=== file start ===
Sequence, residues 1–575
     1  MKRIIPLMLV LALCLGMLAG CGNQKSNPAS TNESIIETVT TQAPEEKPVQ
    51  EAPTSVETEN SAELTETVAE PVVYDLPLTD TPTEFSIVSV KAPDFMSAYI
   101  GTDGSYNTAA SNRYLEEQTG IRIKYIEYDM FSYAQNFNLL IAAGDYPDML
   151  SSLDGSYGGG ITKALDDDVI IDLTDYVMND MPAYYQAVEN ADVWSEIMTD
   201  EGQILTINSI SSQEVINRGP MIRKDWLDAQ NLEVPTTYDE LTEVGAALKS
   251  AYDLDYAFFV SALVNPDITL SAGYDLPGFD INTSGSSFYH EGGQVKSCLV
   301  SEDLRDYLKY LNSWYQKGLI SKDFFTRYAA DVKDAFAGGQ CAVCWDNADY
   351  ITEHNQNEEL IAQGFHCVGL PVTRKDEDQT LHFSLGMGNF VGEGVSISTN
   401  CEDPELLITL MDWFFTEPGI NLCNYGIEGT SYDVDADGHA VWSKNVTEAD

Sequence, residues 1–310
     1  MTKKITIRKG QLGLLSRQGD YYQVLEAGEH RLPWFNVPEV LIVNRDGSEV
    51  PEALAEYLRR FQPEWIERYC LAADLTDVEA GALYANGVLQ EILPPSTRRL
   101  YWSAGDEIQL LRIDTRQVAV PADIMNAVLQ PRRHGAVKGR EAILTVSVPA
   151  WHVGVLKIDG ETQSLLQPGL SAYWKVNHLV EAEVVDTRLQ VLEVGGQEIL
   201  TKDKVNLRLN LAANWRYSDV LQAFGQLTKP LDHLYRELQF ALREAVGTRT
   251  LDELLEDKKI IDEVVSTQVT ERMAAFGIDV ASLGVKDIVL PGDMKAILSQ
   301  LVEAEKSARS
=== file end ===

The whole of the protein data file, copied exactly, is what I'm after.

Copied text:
Sequence, residues 1–575
     1  MKRIIPLMLV LALCLGMLAG CGNQKSNPAS TNESIIETVT TQAPEEKPVQ
    51  EAPTSVETEN SAELTETVAE PVVYDLPLTD TPTEFSIVSV KAPDFMSAYI
   101  GTDGSYNTAA SNRYLEEQTG IRIKYIEYDM FSYAQNFNLL IAAGDYPDML
   151  SSLDGSYGGG ITKALDDDVI IDLTDYVMND MPAYYQAVEN ADVWSEIMTD
   201  EGQILTINSI SSQEVINRGP MIRKDWLDAQ NLEVPTTYDE LTEVGAALKS
   251  AYDLDYAFFV SALVNPDITL SAGYDLPGFD INTSGSSFYH EGGQVKSCLV
   301  SEDLRDYLKY LNSWYQKGLI SKDFFTRYAA DVKDAFAGGQ CAVCWDNADY
   351  ITEHNQNEEL IAQGFHCVGL PVTRKDEDQT LHFSLGMGNF VGEGVSISTN
   401  CEDPELLITL MDWFFTEPGI NLCNYGIEGT SYDVDADGHA VWSKNVTEAD

Sequence, residues 1–310
     1  MTKKITIRKG QLGLLSRQGD YYQVLEAGEH RLPWFNVPEV LIVNRDGSEV
    51  PEALAEYLRR FQPEWIERYC LAADLTDVEA GALYANGVLQ EILPPSTRRL
   101  YWSAGDEIQL LRIDTRQVAV PADIMNAVLQ PRRHGAVKGR EAILTVSVPA
   151  WHVGVLKIDG ETQSLLQPGL SAYWKVNHLV EAEVVDTRLQ VLEVGGQEIL
   201  TKDKVNLRLN LAANWRYSDV LQAFGQLTKP LDHLYRELQF ALREAVGTRT
   251  LDELLEDKKI IDEVVSTQVT ERMAAFGIDV ASLGVKDIVL PGDMKAILSQ
   301  LVEAEKSARS